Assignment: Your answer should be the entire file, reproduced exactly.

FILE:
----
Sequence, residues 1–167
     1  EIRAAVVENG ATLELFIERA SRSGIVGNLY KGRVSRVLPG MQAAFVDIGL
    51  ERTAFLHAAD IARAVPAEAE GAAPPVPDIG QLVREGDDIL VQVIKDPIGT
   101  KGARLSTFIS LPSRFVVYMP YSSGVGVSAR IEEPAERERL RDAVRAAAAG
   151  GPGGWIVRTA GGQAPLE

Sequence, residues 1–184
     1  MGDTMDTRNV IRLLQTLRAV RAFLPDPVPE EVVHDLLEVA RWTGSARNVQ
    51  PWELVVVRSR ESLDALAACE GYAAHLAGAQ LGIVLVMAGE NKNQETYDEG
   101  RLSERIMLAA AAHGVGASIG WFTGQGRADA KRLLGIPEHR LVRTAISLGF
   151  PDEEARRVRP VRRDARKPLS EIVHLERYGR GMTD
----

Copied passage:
Sequence, residues 1–167
     1  EIRAAVVENG ATLELFIERA SRSGIVGNLY KGRVSRVLPG MQAAFVDIGL
    51  ERTAFLHAAD IARAVPAEAE GAAPPVPDIG QLVREGDDIL VQVIKDPIGT
   101  KGARLSTFIS LPSRFVVYMP YSSGVGVSAR IEEPAERERL RDAVRAAAAG
   151  GPGGWIVRTA GGQAPLE

Sequence, residues 1–184
     1  MGDTMDTRNV IRLLQTLRAV RAFLPDPVPE EVVHDLLEVA RWTGSARNVQ
    51  PWELVVVRSR ESLDALAACE GYAAHLAGAQ LGIVLVMAGE NKNQETYDEG
   101  RLSERIMLAA AAHGVGASIG WFTGQGRADA KRLLGIPEHR LVRTAISLGF
   151  PDEEARRVRP VRRDARKPLS EIVHLERYGR GMTD